High school girls explore ECE with GLEE
By Mark Pajor, ECE ILLINOIS
August 26, 2013
- At the fourth annual GLEE camp, part of G.A.M.E.S., fourteen high school girls spent a week on campus exploring ECE.
- This year, the campers created solar cells in the Everitt cleanroom lab, in addition to building circuits and calculators.
- The camp continues to inspire and educate girls interested in STEM careers by providing role models and hands-on experience in ECE's state-of-the-art facilities.
Striving to draw more women to electrical engineering, ECE’s GLEE camp (Girls Learning Electrical Engineering) had a strong fourth year. Fourteen high school girls explored the discipline at Illinois in late July, spending one week on campus. They participated in experiments in classrooms and the Everitt cleanroom lab, studied in their dorm rooms, learned from ECE professors, and enjoyed social events, experiencing firsthand many aspects of the life of an ECE student at Illinois.
The camp has always had two major projects, where the girls build an FM transmitter circuit and an LED calculator. New to this year’s curriculum was the addition of an experiment in the Everitt cleanroom lab, something most ECE students don’t do until their junior or senior years. This was one of the camp’s efforts to make hands-on learning even more central to the experience. In the cleanroom, the campers created two different types of solar cells under the direction of their mentors. By spin-coating a p-type organic semiconductor onto an n-type silicon wafer, they formed a p-n junction solar cell. They also formed a metal-insulator-semiconductor solar cell by using Tollens’ reagent to precipitate a very thin silver layer onto the silicon wafer. “When light shines through the solar cell they can measure the voltage across the junction and the current that’s generated.” Experiments like this give the campers practical, hands-on experience.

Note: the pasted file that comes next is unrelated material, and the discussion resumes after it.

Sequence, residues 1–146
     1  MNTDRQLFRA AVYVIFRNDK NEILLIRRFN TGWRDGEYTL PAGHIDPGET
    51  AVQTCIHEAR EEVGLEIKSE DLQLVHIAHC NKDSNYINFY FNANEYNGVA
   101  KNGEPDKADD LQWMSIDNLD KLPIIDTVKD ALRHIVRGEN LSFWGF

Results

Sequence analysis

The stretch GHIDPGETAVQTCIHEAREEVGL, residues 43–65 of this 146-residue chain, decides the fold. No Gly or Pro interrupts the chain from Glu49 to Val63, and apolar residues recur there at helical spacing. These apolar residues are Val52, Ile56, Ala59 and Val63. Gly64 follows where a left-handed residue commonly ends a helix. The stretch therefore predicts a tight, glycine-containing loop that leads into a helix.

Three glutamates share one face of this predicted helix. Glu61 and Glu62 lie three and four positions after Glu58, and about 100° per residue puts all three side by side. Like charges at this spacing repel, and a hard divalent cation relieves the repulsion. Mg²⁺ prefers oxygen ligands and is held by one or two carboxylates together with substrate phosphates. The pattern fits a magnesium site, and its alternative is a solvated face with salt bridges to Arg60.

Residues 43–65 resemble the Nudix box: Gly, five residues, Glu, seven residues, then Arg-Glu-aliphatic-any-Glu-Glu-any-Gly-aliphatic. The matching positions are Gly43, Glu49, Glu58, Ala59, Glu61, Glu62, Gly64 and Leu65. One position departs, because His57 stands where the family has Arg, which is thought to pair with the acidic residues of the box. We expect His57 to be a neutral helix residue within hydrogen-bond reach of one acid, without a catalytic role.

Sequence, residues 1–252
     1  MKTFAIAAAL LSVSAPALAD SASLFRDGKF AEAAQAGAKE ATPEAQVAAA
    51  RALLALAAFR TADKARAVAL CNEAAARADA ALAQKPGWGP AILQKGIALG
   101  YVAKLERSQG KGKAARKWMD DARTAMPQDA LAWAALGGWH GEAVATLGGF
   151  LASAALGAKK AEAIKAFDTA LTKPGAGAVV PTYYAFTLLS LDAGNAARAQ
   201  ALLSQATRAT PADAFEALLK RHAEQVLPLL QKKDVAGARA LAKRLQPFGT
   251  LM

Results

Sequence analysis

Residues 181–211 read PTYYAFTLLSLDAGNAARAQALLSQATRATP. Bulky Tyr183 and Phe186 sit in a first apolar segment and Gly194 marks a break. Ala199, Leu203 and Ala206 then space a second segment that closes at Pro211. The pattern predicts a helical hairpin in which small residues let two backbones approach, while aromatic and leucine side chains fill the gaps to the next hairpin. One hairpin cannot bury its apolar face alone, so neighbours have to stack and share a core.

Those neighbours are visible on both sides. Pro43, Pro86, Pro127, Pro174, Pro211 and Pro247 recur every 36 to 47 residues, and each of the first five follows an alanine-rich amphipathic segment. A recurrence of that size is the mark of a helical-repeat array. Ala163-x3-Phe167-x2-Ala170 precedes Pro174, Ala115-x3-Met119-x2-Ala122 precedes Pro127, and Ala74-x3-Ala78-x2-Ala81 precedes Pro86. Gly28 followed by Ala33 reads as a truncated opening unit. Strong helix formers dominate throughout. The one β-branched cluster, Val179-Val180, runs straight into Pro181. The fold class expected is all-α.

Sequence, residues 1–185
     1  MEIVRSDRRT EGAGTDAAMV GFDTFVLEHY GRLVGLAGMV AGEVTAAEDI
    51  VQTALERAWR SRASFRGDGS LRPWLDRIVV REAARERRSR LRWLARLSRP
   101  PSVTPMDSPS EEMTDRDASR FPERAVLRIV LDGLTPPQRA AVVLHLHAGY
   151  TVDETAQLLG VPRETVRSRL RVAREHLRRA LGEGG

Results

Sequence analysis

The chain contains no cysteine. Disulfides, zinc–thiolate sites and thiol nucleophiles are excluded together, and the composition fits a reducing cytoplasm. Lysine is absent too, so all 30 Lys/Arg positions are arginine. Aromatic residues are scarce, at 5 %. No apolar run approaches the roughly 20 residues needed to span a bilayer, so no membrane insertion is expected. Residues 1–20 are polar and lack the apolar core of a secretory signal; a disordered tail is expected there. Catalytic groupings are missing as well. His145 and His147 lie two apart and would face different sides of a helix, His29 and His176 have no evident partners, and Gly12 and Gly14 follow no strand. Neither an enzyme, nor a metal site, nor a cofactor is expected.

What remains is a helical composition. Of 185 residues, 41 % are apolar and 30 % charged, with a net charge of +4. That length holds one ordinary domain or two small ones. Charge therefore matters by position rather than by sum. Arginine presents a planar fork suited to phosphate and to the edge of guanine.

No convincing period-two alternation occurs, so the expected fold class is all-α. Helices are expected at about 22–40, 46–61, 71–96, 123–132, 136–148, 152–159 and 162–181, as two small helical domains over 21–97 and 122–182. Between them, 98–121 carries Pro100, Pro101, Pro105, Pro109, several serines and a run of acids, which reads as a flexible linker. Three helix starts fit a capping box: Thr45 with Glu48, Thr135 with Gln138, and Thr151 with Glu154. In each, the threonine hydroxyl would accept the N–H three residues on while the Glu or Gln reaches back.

Goddard was joined by graduate students Yemaya Bordain and Steve McKeown and undergraduates Melissa Crawford and Marjorie Dallmann, who served as teachers and mentors for the campers. Bordain and McKeown coordinated much of the camp, taught several sessions, and led the projects; Crawford and Dallmann helped the campers in the projects. These mentors being comprised mostly of women and sporting the same “Girls Rock!” shirts that the campers wore are a few of the efforts the camp makes to inspire confidence in the girls’ abilities to succeed in STEM education and careers.
After first writing a proposal to Motorola Foundation to develop a camp in 2009, Goddard’s efforts culminated in the first GLEE camp in 2010, a part of G.A.M.E.S. Camp (Girls Adventures in Mathematics, Engineering, and Science). When asked about the future of GLEE, Goddard expressed interest in fine-tuning the activities from this year, giving some more time to the solar cell project, and developing additional engaging hands-on projects in other areas of ECE to enhance the experience of the camp.
Editor's note: media inquiries should be directed to Brad Petersen, Director of Communications, at email@example.com or (217) 244-6376.